The New Zealand government is not considering introducing a health surcharge for visitors from the United Kingdom, despite a new charge for Kiwis in Britain.
The British government announced last week that New Zealanders would incur a surcharge of £200 ($NZ435) if they were in the UK for more than six months.
Under a reciprocal agreement, New Zealanders have not had to pay to use the British national health service up until now.
The British immigration minister said it was only fair that New Zealanders contribute to the service as other non-European Union nationals do.
Prime Minister John Key said while the move was disappointing, there were no plans to do the same here.
"One of the reasons for that is - and this is the point the British High Commissioner has been at lengths to make - is that the rules aren't equal at the moment.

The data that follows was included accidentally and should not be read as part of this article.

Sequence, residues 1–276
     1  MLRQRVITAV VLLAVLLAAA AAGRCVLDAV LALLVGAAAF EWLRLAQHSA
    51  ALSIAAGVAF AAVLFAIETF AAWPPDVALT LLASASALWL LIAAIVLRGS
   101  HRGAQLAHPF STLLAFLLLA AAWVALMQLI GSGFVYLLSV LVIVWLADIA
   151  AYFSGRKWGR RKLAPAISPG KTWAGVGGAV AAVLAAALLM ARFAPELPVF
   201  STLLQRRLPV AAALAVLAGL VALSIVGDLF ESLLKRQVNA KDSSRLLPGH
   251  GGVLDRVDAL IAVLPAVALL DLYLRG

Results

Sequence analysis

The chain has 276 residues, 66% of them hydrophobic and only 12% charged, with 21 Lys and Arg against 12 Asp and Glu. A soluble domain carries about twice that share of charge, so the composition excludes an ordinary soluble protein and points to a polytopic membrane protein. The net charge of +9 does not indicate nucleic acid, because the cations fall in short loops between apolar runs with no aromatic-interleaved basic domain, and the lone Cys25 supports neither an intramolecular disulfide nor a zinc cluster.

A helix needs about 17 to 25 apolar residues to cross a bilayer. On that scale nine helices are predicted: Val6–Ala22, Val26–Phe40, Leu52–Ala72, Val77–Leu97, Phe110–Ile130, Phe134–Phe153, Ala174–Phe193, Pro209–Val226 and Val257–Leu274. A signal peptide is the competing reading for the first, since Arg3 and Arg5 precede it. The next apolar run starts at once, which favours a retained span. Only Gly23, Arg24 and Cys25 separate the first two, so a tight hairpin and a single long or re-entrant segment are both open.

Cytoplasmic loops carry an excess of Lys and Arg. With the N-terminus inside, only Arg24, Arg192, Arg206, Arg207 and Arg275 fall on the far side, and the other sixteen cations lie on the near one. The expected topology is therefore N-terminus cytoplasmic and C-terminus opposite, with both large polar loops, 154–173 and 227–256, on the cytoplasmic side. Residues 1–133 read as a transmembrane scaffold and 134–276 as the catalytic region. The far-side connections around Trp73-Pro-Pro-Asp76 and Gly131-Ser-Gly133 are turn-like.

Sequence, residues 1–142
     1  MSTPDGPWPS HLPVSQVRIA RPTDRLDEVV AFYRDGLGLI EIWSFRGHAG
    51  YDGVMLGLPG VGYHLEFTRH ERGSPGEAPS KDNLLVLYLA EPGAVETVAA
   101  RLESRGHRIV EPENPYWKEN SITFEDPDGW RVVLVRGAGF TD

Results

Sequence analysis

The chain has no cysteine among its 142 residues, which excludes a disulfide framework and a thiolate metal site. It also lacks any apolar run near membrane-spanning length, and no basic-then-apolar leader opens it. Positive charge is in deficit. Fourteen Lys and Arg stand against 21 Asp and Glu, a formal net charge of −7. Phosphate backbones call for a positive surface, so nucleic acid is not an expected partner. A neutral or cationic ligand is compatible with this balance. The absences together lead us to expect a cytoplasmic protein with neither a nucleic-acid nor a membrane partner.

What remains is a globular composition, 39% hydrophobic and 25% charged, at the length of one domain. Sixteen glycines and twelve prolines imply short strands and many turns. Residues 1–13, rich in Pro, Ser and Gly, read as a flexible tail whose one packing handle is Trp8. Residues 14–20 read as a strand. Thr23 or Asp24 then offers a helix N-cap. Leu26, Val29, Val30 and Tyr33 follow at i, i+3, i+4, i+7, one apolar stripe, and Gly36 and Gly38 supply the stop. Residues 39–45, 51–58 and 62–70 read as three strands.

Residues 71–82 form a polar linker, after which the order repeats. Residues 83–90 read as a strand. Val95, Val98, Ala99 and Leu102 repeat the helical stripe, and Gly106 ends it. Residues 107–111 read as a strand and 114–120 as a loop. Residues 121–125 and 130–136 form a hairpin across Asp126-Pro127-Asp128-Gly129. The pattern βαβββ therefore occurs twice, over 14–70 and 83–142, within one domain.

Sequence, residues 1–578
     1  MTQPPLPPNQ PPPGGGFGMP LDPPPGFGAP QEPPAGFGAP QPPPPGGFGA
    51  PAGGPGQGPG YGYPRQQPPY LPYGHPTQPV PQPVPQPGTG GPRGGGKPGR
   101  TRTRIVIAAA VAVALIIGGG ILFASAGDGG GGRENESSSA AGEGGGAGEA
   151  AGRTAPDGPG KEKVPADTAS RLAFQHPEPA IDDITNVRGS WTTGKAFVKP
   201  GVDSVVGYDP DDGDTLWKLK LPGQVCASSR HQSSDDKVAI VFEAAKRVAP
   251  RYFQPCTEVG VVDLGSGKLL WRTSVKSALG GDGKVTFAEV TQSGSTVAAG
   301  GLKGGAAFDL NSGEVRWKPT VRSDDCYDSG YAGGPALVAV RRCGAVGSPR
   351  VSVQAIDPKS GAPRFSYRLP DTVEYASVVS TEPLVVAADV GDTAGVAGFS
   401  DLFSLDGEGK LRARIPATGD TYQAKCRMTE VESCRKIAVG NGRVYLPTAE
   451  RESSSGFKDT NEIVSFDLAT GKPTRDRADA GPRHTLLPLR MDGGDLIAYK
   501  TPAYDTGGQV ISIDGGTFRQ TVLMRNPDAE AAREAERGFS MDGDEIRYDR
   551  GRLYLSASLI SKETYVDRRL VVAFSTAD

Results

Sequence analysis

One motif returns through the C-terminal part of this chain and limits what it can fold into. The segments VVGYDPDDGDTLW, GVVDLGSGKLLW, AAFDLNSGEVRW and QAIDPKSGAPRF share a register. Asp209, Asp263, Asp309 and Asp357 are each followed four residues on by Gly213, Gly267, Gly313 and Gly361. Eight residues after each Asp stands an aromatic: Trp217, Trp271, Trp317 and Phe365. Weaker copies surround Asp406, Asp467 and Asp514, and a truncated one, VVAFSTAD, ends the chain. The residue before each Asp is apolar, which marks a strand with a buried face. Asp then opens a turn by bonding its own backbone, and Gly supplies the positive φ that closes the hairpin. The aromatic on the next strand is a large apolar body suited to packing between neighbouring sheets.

"He would say that if a British person comes to New Zealand and has to go to the doctor, they actually have to make a payment for that, if [a New Zealander] goes in the UK his argument is that you don't because under the NHS it's free."
Mr Key said he considered the surcharge a reduction in rights for New Zealanders, but he did not expect the decision to be reversed.
But Labour leader Andrew Little said the Prime Minister should be doing more to stop New Zealanders being fleeced by the new health surcharge.
Mr Little said Mr Key should raise the matter directly with his British counterpart.
"John Key has got all these great friendships with all these great world leaders, including David Cameron. I would expect him to be on the phone instantly, saying this isn't good enough."
The change will take effect from April 6 and will include New Zealanders who were already in the UK and applied to extend their stay, the British Home Office said.